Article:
Ciena says that as more of its carrier and web scale company customers implement 400G optical solutions to support growing traffic levels, the ongoing shift from current 100G and 200G platforms is picking up pace.
Gary Smith, CEO of Ciena, told investors during the company’s fiscal first quarter 2018 earnings call that more of its service providers are implementing 400G optical in their network builds to accommodate current and future traffic demands.
“I would say 200G is kind of in our rear-view mirror,” Smith said during the earnings call, according to a Seeking Alpha earnings transcript. “400 gig is becoming more and more important. I don't have a breakdown of it in terms of contribution to revenue because what we’re shipping is effectively programmable.”
Evidence of 400G adoption was seen throughout the vendor’s quarter as it won 7 new customers for its 400G-capable WaveLogic Ai platform, bringing it to 17 customers to date.
Smith said Ciena is seeing growing interest for 400G in several Asia Pacific markets.
“We are seeing this capacity trend play out with global Tier 1 service providers, notably in Asia Pacific, where a key contributor to our Q1 growth in the region was revenue from our recent wins in Japan and Korea, in addition to continued strength in India,” Smith said.
Ciena is also seeing interest for 400G from domestic U.S. providers like Verizon.
In January, Verizon announced that it completed its latest 400G field trial delivering Ethernet traffic on one wavelength between MPLS core routers over its packet optical network. This test traffic was transmitted between two Juniper Networks PTX5000 routers across the Ciena 6500 Packet-Optical Platform, both used in Verizon’s production network.
“This capacity trend also encompasses the metro builds we’ve discussed, including a strong contribution from the Verizon metro network project in Q1, which is rolling out exactly as expected,” Smith said.
100G migration continues
Despite the growing potential for 400G, Ciena said continues to see 100G platform adoption while enabling its customers to migrate to 200G and 400G as needed.
“We still sell a ton of 100 gig,” Smith said. “We haven't stopped selling 100 gig, but we’re first in the market with 100, 200, and now 400, and we'll continue to be a leader in innovation.”
But the use of higher speed platforms will be used for specific applications at various network distances.
“We expect that 200G will begin to replace many 100G long-haul connections over time, while 300G can now be deployed for 1000km distances, and 400G for shorter reach distances,” Smith said.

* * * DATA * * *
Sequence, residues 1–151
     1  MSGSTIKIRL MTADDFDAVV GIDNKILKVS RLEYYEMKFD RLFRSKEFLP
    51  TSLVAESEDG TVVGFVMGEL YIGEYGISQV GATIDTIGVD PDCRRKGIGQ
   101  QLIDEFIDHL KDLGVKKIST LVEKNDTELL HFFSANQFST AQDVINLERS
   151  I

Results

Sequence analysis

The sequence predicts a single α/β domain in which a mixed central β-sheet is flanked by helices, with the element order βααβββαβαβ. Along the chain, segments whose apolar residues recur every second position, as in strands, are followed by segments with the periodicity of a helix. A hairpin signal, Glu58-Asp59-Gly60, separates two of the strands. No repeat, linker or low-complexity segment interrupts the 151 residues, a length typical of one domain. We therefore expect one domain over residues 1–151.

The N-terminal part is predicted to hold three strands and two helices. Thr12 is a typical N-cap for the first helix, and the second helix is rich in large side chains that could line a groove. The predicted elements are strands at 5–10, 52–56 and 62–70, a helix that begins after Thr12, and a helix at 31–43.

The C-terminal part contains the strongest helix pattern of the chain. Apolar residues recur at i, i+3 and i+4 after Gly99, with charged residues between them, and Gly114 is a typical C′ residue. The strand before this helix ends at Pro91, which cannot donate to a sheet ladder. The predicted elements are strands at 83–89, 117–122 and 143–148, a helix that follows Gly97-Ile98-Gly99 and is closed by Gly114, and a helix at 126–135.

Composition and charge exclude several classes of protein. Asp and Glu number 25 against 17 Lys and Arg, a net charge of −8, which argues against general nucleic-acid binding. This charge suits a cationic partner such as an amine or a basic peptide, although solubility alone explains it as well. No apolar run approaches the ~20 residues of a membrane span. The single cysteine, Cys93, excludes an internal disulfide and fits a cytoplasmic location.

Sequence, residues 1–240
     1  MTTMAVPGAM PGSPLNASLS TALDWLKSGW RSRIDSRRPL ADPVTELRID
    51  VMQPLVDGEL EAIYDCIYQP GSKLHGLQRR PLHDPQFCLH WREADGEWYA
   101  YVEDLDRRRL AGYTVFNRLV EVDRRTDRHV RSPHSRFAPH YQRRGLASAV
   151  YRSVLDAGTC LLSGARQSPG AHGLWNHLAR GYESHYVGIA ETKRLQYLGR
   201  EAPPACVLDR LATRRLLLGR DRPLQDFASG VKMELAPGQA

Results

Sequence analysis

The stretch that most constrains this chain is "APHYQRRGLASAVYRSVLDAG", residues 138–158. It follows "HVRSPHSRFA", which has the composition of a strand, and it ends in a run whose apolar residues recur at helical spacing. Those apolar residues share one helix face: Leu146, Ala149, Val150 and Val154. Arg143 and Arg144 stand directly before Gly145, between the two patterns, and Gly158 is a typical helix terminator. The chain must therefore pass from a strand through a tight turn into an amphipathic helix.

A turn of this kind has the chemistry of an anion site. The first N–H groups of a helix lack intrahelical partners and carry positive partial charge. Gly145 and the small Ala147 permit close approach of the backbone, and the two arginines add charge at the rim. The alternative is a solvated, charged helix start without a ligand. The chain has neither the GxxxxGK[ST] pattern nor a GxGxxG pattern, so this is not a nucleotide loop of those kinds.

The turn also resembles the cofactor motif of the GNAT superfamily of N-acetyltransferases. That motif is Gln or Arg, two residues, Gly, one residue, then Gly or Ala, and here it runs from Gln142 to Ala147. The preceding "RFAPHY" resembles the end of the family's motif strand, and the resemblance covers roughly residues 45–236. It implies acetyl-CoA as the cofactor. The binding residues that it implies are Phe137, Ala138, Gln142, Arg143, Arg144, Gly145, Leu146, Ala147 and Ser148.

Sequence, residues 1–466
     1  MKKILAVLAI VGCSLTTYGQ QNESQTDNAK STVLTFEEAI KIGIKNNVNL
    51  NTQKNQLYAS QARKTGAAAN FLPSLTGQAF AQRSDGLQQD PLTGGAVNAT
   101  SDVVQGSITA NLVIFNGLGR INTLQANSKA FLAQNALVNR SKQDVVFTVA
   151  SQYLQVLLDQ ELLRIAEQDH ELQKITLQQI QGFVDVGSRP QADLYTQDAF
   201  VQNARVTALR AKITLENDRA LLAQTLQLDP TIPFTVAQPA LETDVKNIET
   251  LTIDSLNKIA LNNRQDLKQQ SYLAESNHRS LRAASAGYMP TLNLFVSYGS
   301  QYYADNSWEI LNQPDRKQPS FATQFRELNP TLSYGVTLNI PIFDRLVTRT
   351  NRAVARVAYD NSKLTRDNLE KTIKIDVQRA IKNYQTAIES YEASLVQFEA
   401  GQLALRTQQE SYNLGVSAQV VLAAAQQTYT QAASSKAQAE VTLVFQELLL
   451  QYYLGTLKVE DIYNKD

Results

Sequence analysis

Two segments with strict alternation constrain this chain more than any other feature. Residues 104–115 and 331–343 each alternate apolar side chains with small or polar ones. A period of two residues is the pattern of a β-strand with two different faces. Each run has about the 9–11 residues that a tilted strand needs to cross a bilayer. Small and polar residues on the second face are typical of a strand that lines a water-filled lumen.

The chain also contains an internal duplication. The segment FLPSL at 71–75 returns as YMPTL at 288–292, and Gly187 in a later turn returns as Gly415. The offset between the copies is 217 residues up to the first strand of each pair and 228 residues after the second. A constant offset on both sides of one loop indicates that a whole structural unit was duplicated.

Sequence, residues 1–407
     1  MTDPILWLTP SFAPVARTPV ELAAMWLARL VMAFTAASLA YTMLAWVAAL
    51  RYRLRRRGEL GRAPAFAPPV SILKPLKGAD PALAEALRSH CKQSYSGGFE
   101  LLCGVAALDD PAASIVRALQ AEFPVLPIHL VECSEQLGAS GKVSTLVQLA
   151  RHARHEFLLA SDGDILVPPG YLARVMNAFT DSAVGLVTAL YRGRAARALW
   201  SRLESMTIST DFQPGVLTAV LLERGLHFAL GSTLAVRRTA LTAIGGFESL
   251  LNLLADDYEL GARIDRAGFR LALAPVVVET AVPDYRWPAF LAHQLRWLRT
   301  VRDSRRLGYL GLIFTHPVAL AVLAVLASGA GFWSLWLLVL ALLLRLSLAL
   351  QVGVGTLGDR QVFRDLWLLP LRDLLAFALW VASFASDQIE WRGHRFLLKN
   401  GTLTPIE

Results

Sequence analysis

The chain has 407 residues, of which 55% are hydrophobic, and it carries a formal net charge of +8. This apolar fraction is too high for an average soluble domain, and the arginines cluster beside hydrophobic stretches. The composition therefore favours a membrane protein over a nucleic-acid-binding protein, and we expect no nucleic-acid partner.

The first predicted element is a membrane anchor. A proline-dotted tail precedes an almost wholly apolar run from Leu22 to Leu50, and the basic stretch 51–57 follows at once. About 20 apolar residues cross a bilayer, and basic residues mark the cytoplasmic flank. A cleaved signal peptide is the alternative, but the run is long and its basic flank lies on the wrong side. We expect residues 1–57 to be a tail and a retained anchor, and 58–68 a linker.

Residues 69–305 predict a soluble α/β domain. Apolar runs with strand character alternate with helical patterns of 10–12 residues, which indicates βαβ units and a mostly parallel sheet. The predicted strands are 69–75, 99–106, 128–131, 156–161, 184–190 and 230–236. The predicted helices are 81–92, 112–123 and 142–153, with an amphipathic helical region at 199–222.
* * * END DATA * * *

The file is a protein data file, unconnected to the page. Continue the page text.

Industry analysts have forecast growing momentum for 100G and 400G coherent systems.
According to a recent Cignal AI optical forecast, 100G and 400G coherent will be widely adopted at the edge of the network by the end of 2021. Additionally, the research firm said estimates that 400G technology will account for nearly one-quarter of all deployed WDM bandwidth in 2020.
Ciena itself continues to see the movement from 100G to 400G happening faster than what took place in the previous migration from 40G to 100G.
“There’s been a faster rate of adoption as we went through 40 to 100 to 200, and now 400,” Smith said. “We're early days on 400 gig, but the early rates of adoptions are high, driven in part mostly by global carrier networks (GCN).”
Packet optical, software dominate revenues
During the quarter, the main contributors to Ciena’s revenues were a rise in converged packet optical equipment and its emerging Blue Planet software platforms as more carriers migrate towards an SDN and NFV construct in their networks.
Here’s a breakdown of Ciena’s key quarterly metrics:
Networking platforms: Ciena reported total networking platform revenues of $496 million, up from $490 million in the same period a year ago. Converged Packet Optical was again a star performer in the Networking platform segment with $427.4 million in revenue while packet networking declined to $68.6 million.
Software and software-related services: Total segment revenues were $53.5 million, up year-over-year from $39.3 million. Within this segment, software platforms saw the largest growth with $29.6 million in revenues, while software-related services rose slightly to $23.9 million.
Global Services: Total global services revenues were $96.6 million, with a strong performance from maintenance support and training, which had $56 million in revenues. Meanwhile, Ciena reported $30 million and $10.6 million in installation and deployment and consulting and network design revenues.
Financials: For the fiscal first quarter 2018, Ciena reported revenue of $646.1 million as compared to $621.5 million for the fiscal first quarter 2017.